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China are the England of Asian football: big hopes followed by inevitable failure

China host South Korea in a World Cup qualifier on Thursday but, with the home side already all but out of the running for a place in Russia, serious issues already threaten their chances of making it to the 2022 World Cup in Qatar. China scraped through the first of two group stages in the Asian qualifiers but they have not won any of their five games so far in the second group stage. They sit bottom of their qualifying group – behind Iran, South Korea, Uzbekistan, Syria and Qatar – and, even if they pull off an unlikely victory against South Korea at the Helong Stadium on Thursday night, it would only postpone their inevitable exit.

China are not a million miles behind the continent’s leading teams, such as Japan and Australia, but there is a clear talent gap – not that their supporters or media see it that way. When their elimination arrives, be it next Tuesday when they travel to group leaders Iran, or later, the reaction in China will be as angry as ever from fans and media, who have hugely unrealistic expectations.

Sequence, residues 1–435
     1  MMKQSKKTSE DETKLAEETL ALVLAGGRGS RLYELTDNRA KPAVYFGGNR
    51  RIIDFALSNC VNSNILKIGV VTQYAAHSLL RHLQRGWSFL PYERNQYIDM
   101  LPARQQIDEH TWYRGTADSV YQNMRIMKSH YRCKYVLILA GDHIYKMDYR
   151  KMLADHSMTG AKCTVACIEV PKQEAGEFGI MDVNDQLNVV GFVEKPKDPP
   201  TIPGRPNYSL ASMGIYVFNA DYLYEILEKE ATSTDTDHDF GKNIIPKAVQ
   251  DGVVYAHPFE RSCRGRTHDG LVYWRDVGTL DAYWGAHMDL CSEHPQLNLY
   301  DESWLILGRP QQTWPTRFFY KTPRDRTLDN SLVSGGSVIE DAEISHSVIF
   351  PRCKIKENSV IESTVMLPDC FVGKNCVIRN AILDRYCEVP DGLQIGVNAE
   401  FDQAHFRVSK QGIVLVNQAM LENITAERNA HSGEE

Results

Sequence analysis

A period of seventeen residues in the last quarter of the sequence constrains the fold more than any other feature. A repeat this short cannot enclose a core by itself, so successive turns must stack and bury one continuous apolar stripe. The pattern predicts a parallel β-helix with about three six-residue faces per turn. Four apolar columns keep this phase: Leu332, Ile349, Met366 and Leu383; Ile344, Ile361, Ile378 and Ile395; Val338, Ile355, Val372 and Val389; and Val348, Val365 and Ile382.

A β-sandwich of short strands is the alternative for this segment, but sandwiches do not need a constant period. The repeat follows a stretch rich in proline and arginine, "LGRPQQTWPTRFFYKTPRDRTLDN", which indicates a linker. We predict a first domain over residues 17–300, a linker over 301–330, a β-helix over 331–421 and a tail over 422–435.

In this regard China’s sports media functions remarkably like England’s did until very recently; they build up the hopes of an under-talented national team and then gleefully knock them down when the team inevitably falls short. Chinese supporters and media indulge in this masochistic routine every time an international tournament comes around.

The feeling of disappointment may be intensified this time around, though, after a surprising set of events in the first group stage took China through to the second round of qualifying for the first time since their only World Cup appearance in 2002. After a clumsy campaign, which included two goalless draws against Hong Kong, China went into their last group game knowing they would only qualify if they beat Qatar, who had already qualified, and three other results went their way.